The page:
To Stir, or Not to Stir
One of the more fearful aspects of making risotto is that, if you're a purist, you're supposed to stir it constantly for 20 minutes or so while ladling in hot broth a half-cup at a time.

Or are you?
In a new cookbook, Comforting Foods (Macmillan USA; $25), Alice Waters, of Chez Panisse in Berkeley and the grande dame of California cuisine, offers a recipe for risotto that requires almost no stirring, and only two additions of broth. After making your soffritto and toasting the rice in hot oil, you cover the mixture with simmering broth and let it cook for 10 minutes. Then you add the rest of the broth and let it simmer for 10 minutes more. Stirring is not mentioned.

Waters' recipe is on Page 109. On Page 110 is another risotto recipe, this one from Joyce Goldstein of Square One. Her method calls for one-cup additions of stock every five minutes or so for 30 minutes, “stirring occasionally.” That's better than “constantly,” but more than none.

The cookbook itself is a compendium of recipes from celebrated American chefs. It's copyrighted in the name of Project Open Hand (POH), the organization that delivers hot meals to people with AIDS; all royalties will go to POH.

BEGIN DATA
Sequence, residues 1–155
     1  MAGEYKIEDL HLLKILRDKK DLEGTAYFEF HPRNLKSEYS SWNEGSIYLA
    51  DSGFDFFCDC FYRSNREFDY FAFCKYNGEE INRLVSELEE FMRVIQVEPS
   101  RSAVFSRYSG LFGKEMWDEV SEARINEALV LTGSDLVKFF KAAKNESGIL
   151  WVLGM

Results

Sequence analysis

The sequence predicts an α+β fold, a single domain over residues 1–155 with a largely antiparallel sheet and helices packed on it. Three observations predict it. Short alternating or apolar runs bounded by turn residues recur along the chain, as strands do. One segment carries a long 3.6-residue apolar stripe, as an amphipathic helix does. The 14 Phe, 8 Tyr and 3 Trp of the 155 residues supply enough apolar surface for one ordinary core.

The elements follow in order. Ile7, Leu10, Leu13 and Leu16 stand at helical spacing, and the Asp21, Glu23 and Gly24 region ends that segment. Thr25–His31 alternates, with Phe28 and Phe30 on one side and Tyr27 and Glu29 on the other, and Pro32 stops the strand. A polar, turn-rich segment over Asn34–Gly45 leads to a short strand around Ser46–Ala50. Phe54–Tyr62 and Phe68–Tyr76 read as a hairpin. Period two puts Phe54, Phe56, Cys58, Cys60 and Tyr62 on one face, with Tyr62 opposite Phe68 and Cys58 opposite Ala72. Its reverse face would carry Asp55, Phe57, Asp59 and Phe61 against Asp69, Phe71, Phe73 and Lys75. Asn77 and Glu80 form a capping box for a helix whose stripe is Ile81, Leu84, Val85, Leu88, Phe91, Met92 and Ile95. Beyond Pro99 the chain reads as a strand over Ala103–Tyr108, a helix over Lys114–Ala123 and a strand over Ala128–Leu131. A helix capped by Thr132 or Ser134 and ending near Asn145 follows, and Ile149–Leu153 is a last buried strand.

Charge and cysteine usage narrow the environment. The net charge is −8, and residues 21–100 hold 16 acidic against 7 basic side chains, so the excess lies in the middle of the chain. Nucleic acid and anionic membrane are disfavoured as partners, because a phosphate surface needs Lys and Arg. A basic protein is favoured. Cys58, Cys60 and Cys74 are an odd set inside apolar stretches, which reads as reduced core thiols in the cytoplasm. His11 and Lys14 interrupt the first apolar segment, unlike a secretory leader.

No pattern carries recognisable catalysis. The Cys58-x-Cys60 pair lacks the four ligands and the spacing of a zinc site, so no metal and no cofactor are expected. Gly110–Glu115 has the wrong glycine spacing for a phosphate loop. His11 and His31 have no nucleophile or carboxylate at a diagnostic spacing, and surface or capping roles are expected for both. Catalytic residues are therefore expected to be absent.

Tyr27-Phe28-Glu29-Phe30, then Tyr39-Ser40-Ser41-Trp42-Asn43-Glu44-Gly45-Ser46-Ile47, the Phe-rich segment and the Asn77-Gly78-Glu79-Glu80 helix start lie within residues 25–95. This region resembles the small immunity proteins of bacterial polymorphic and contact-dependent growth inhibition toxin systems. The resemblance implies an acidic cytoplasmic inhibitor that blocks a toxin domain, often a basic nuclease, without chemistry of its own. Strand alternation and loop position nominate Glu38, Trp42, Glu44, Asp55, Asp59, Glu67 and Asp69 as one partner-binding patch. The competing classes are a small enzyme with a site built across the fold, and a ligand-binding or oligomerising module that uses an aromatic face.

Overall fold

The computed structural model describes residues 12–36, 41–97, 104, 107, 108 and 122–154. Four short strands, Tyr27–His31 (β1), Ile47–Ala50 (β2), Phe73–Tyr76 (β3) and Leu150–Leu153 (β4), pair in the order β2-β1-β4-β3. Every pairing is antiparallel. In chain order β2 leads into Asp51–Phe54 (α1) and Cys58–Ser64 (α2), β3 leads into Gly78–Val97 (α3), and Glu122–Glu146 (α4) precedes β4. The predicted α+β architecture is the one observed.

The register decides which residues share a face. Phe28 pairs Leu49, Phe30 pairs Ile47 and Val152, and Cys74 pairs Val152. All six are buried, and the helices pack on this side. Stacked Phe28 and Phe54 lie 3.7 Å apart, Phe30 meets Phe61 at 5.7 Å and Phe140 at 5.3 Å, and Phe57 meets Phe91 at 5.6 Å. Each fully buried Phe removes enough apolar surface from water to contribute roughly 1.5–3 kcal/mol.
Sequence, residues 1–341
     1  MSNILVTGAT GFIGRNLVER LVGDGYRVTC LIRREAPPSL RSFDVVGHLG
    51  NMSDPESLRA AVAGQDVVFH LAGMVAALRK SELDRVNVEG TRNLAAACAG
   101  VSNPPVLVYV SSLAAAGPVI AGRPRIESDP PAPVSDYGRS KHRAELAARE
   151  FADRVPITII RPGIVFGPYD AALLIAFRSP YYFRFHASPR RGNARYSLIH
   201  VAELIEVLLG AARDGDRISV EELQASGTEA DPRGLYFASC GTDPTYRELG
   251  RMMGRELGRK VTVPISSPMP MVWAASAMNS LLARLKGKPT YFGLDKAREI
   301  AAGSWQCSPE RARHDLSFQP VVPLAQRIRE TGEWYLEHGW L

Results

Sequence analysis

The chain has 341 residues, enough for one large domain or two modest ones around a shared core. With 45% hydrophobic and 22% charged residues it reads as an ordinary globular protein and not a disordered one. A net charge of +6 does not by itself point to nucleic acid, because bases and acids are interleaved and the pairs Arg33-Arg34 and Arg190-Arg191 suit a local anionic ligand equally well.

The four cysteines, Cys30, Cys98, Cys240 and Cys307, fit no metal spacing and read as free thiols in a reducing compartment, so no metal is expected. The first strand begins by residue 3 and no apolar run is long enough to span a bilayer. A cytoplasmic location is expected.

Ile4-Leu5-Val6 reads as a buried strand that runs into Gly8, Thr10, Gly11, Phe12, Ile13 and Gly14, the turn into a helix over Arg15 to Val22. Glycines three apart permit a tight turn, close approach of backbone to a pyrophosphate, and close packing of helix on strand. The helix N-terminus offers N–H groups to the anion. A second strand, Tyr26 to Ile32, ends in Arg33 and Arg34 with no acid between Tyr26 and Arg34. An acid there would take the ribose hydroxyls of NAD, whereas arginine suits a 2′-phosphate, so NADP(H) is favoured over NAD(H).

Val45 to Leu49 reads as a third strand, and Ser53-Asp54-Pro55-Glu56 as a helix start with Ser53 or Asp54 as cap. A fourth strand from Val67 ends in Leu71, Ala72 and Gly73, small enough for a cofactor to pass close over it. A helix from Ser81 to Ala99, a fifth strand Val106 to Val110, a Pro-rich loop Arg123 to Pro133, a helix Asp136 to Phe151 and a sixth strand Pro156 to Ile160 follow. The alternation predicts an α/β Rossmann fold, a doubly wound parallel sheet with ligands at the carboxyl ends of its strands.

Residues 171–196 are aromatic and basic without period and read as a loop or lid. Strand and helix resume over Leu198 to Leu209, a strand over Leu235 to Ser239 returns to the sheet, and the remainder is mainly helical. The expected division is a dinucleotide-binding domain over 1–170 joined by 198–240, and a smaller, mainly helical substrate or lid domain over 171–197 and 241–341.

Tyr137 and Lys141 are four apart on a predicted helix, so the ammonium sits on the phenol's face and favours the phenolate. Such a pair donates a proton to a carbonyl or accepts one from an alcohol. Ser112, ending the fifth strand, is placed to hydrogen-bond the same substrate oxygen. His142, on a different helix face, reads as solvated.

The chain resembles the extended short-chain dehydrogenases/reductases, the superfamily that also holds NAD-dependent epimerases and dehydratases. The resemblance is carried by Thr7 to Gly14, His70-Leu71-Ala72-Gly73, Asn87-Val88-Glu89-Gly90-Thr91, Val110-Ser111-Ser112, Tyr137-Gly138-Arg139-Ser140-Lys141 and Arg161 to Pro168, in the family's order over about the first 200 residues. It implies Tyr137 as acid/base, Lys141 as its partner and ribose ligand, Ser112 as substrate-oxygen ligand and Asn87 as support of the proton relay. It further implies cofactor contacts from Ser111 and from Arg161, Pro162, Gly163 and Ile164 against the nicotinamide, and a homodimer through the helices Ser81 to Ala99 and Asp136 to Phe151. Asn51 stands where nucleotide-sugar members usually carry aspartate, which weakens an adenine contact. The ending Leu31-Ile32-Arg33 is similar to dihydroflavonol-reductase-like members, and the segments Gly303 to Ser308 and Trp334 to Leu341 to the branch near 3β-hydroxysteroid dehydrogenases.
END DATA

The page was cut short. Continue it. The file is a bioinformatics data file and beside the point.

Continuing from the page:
“For many diners, food serves as a background to a business meeting, a family reunion, a romantic adventure,” Goldstein writes in her introduction. “But Project Open Hand's dining public is a different audience, with an urgent agenda. I am happy that we are able to offer nourishment, both culinary and emotional. That is what real cooking is all about.”

Pizza From Hell?
A nameless reader (who has access to an Environmental Protection Agency fax machine: Dish is watching!) dissents from a recent favorable comment on this page about Pizza Inferno. To wit: “This pizza is the worse [sic] pizza I have ever ever tasted in my entire life. … The crust was like cracker and sauce was just the pits.”

Olive pits? Next time, try the pepperoni.

Eat Your E-Mail
Connoisseurs of vicarious pleasure will be pleased to know that Hawthorne Lane, the fabulous (and pricey) restaurant, now has a page on the World Wide Web: It offers, among other things, a guide to seasonal produce, a photographic tour of the restaurant, and “a very small collection” of recipes, as written down by co-owner Anne Gingrass. Planned: a wine column and tips on sausage-making — a passion of David Gingrass, Anne's husband and partner.

By Paul Reidinger

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